Depression, anxiety and social phobias rising in kids, educators say
By Sharon Noguchi
A popular and accomplished Los Altos High student received a parent’s text message at school last year, to come home to talk about her grades. The student and star athlete had earned all A’s — except one D. She asked to be excused from English class to go to the bathroom, but she never returned. She had collapsed, suffering a disabling emotional breakdown.
The student, who didn’t want to be identified because of the stigma of mental illness, is not alone. Across the Bay Area, educators are seeing more and more students suffering from depression, anxiety and social phobia. The acuity of mental illness among students has sharpened, they say, and it’s striking ever younger children, though many quietly bear the stress for years before snapping.
“I was very good at putting up a facade,” said the Los Altos High student, now a senior, who later was diagnosed with major depression and attention deficit hyperactivity disorder, a diagnosis that her parents resisted for six months and that many who knew her couldn’t believe. “I was raised on how to sell myself, which buttons to press, which phrases to drop,” she added, until one day “everything just shattered.”
The increasing stress isn’t just afflicting children of Silicon Valley’s affluent and educated, who attend top schools among driven, college-bound peers. Though not yet reflected in lagging and incomplete national statistics, the trend appears to cut across social class, income level, ethnicity and academic ability.
“We see all demographics,” said Gloria Dirkmaat, special education director in the San Mateo Union High School District.
Overfelt High on San Jose’s East Side has seen a spike in student panic attacks. Anxiety disorder rose this past fall among teens in Palo Alto and Menlo Park.
“We are seeing children who are coming in with greater needs around mental health, and also seeing them at an earlier age,” said Judith Cameron of the San Ramon Valley Unified School District.
Not all schools have reported an increase in mental illness. But not every school has staff attentive to each student’s well-being, nor do they have therapists and psychologists at hand.
That is changing. Since a rash of student suicides at Palo Alto high schools four years ago, the district has trained teachers, put in place safeguards, offered more counseling and now is training all students in how to intervene with those who may threaten to kill themselves.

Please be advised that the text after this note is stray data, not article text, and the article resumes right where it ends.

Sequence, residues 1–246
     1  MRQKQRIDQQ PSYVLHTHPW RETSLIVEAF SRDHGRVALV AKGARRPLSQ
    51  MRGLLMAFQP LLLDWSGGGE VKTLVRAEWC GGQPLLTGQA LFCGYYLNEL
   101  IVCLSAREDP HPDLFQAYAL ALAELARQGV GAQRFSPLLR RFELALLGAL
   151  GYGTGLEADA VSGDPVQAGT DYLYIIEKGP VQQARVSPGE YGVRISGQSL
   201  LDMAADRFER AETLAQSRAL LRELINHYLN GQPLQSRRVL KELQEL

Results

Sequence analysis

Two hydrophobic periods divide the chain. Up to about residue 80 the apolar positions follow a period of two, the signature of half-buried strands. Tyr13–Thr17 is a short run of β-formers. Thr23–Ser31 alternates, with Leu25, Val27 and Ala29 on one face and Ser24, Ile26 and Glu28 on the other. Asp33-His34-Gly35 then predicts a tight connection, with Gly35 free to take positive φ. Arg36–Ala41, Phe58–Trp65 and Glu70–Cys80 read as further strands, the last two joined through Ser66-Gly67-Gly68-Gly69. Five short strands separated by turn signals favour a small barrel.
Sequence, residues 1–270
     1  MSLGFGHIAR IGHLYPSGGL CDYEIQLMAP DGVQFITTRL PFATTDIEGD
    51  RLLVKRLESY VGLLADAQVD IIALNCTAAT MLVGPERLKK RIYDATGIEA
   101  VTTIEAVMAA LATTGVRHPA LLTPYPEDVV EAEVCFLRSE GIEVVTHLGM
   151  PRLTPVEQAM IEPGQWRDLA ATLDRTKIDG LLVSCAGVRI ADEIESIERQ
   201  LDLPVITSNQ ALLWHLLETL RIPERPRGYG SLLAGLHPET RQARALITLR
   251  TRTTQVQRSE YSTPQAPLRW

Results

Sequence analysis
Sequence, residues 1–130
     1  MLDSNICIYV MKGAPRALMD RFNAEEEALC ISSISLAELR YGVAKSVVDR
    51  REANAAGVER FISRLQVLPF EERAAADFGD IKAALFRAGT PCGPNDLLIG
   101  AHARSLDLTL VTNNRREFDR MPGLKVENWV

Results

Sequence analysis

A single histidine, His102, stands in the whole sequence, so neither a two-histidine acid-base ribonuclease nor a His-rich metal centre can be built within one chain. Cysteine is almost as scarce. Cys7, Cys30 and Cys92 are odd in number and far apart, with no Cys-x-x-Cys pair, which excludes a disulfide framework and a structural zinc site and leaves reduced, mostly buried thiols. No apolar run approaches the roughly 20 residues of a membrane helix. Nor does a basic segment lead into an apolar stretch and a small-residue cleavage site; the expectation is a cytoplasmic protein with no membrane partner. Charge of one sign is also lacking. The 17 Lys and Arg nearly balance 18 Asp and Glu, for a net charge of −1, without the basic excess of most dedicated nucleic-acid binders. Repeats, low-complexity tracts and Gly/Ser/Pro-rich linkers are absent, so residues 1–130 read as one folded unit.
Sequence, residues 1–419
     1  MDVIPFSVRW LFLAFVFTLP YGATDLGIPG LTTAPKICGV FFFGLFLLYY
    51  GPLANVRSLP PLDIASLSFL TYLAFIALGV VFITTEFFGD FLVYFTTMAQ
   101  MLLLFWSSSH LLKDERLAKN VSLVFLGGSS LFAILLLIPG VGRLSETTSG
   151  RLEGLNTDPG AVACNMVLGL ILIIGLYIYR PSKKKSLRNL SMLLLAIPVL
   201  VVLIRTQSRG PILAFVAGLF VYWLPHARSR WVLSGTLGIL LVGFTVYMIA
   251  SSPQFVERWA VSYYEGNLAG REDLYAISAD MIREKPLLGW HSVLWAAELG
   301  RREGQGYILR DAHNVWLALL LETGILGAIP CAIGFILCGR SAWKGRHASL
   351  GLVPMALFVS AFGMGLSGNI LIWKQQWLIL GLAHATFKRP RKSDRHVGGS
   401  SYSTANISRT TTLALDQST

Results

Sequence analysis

San Ramon Valley schools added a counselor at every secondary school this academic year to deal with mental health. And a Morgan Hill school beefed up therapists for depression among fourth- and fifth-graders. Two years ago, the San Mateo Union district created two classes for students with social phobias. It runs two more classes for those with anxiety or depression, in addition to two classes for students with more complicated emotional problems. They’re all full, Dirkmaat said.
What’s behind the rise is uncertain. Theories include economic distress, dysfunctional families, absent and preoccupied busy parents, technology obsession, social media and extraordinary pressure on kids to excel.
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ACS’ On-Campus Counseling Program
provides individual, family and group counseling at no cost to students and their families at the five secondary schools in the Palo Alto Unified School District, at Woodside High School and Redwood High School in the Sequoia Union High School District and La Entrada Middle School in the Las Lomitas School District. The goal of the OCC Program has been to provide life-saving early intervention for teens dealing with challenging issues of adolescence. With accessible, compassionate therapists available on school campuses, teens have a safety net of professionals with whom to confront their issues.
The range of issues addressed through the OCC Program includes:
- Academic stress
- Parent/child communication
- Peer conflict
- Depression and anxiety
- Suicidal thoughts
- Grief and loss
- Substance abuse
ACS therapists connect students and families to vital community resources, such as mentoring programs,
after-school activities, community organizations and health care. They also conduct classroom presentations, assembly talks, PTA presentations and educational forums for parents.